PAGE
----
This one won’t win you any points for historical accuracy or art. It’s more for those times when you need to put something decidedly ruff-like around a neck, and you need to do it in a big bad hurry. Say you’ve got a kid who needs a halloween costume, or, I dunno, a designer who needs 10 clown ruffs to put on a pack of galloping ballerinas doing a piece inspired by Pierrot and Columbine…. Ahem. Yes. Well. If you’ve hit the “Done is Beautiful” point, this is the ruff for you. If you’re looking to make a ruff The Right Way(tm), you maybe oughta take a pass…. ;)You will need the following measurements:
In a perfect world, you will know the neck measurement of the ruff-ee. (I wasn’t in a perfect world when I did this. I was in a costume shop, where the phrase “Just make it to fit you. That should work….” is not uncommon. This is where costume shops are a little like old-school tailor’s shops. We don’t have dress forms for all of our “clients”, nor (much to our chagrin) do we always even have a measurement sheet (that we can find), so there’s a lot of looking around for anyone or anything that looks to be about the right size and shape. If you get close enough, you can always tweak the fit later. This was utterly-horrifically-mind-bogglingly-SO-FREAKIN’-WRONG to my little just-got-me-a-fashion-degree brain when I started. It’s gotten more ok over the years. The mind adapts…)
So… My neck is 14.5″ at the base. To make something that looks convincingly like a ruff, you’ll need a strip of fabric 7″ wide and 45″ long, a yard or so of 1/2″ wide tape or ribbon (I’m using twill tape), and a sewing machine. I’ve serged off the edges of my fabric strip. You could roll them if you weren’t in a hurry. Then again, if you weren’t in a hurry, you probably wouldn’t be doing it this way…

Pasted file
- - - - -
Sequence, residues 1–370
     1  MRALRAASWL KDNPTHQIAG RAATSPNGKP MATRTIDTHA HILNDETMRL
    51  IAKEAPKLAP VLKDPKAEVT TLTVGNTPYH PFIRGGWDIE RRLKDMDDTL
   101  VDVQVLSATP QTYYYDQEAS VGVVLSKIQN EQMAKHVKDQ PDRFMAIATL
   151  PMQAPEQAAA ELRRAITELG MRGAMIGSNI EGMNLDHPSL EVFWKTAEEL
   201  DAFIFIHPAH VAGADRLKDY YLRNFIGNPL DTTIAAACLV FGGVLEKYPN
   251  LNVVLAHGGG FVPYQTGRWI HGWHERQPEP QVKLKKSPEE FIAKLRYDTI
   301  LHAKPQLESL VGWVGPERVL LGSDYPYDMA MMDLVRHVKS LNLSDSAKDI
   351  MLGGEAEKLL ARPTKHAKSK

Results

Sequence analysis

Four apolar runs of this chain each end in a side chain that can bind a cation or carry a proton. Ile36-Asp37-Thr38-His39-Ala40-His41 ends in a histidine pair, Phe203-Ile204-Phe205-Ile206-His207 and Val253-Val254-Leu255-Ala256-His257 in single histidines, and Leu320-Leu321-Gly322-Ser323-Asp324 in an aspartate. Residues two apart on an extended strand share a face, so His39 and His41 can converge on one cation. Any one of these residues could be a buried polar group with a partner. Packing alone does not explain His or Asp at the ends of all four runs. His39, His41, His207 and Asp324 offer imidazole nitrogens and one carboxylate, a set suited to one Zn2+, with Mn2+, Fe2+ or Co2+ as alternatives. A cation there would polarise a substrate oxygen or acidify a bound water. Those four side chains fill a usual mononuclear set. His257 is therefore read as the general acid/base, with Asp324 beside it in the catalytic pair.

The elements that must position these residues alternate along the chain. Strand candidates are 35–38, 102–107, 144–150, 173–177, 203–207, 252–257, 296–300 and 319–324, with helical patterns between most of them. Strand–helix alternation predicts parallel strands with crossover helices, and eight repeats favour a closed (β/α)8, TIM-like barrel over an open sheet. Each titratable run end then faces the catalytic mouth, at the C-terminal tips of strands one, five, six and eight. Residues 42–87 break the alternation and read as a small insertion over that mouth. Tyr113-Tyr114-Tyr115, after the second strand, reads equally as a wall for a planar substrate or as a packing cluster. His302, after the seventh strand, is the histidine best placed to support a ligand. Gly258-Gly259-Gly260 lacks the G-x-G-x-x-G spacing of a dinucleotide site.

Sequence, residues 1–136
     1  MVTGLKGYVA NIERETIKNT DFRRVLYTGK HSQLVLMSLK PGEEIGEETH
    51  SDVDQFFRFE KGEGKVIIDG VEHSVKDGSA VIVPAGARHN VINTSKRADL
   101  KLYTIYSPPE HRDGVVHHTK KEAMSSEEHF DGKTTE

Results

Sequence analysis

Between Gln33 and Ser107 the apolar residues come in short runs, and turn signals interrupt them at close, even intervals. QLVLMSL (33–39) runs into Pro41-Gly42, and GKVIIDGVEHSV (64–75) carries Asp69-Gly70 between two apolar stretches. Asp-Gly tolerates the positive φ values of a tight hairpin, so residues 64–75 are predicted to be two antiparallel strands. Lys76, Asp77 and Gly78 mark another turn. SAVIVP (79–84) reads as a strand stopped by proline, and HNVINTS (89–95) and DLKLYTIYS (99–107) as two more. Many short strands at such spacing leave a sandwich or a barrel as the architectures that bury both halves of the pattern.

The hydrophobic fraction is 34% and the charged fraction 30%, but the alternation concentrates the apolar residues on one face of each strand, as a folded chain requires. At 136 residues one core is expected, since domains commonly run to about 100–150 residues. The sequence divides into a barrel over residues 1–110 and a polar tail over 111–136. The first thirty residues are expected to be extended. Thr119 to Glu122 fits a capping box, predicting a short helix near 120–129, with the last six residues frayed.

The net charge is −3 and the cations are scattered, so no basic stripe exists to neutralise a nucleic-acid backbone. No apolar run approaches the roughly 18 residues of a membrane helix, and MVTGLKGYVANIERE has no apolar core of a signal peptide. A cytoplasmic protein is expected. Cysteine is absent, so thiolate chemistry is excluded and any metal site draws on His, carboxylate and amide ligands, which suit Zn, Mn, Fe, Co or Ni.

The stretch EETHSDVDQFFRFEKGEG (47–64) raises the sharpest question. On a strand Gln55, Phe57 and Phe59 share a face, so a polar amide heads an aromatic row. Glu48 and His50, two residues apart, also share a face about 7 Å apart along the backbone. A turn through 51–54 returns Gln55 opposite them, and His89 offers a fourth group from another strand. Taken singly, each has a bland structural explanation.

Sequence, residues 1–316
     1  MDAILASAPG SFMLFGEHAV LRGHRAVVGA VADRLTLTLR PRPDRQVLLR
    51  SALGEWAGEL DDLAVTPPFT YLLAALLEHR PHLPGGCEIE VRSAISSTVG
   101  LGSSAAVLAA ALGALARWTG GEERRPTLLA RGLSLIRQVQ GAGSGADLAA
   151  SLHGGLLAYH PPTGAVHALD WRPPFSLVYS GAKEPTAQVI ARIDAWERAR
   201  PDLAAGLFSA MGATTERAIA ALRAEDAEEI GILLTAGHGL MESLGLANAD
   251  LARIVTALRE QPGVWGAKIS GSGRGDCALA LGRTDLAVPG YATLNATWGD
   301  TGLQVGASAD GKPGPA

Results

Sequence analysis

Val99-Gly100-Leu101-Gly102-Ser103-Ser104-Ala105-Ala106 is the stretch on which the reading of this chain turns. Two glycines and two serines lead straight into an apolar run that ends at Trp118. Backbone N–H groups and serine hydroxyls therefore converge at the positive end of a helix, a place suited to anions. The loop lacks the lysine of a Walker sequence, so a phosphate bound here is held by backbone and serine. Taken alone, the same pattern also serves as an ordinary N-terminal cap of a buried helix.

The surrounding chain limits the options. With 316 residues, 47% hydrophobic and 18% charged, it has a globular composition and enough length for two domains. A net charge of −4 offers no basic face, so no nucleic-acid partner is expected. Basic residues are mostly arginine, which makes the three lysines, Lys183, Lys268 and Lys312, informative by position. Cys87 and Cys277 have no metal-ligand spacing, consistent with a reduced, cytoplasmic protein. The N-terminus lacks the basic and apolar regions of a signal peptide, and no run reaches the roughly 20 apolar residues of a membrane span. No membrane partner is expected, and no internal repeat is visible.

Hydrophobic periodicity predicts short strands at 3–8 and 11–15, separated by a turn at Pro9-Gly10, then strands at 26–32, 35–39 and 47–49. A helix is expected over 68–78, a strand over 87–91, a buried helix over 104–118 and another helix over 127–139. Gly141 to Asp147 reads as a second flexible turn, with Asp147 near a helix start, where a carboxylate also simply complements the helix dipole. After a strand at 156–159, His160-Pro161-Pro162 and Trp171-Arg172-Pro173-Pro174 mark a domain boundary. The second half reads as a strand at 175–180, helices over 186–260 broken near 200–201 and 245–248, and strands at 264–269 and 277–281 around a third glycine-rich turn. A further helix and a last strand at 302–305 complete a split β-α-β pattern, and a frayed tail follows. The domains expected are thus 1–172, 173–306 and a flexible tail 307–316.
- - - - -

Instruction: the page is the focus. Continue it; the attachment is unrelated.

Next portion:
We’re using two lines of stitch because it’s going to make the ruffle much easier to control. In the end, it’s faster to put the second line in than to work with the fabric when it only has one line of gathering stitches. Crazy, right?
Ok, the last couple steps probably look a little bass-ackwards. Here’s the thing: normally gathering things down is really fussy, and you either have to check the length a million times or you’re gathering to something, which is actually worse because you’re working gathers around pins and junk. We used the ruler once, and we haven’t had to pin a gosh-darned thing. It’s just faster that way.
Do not set the iron on the ruff. I mean, not unless you’re actually trying to make ye olde pancake-ruff, which never really caught on as a fashion trend….
And there you have it…. Sometimes, you just need the look.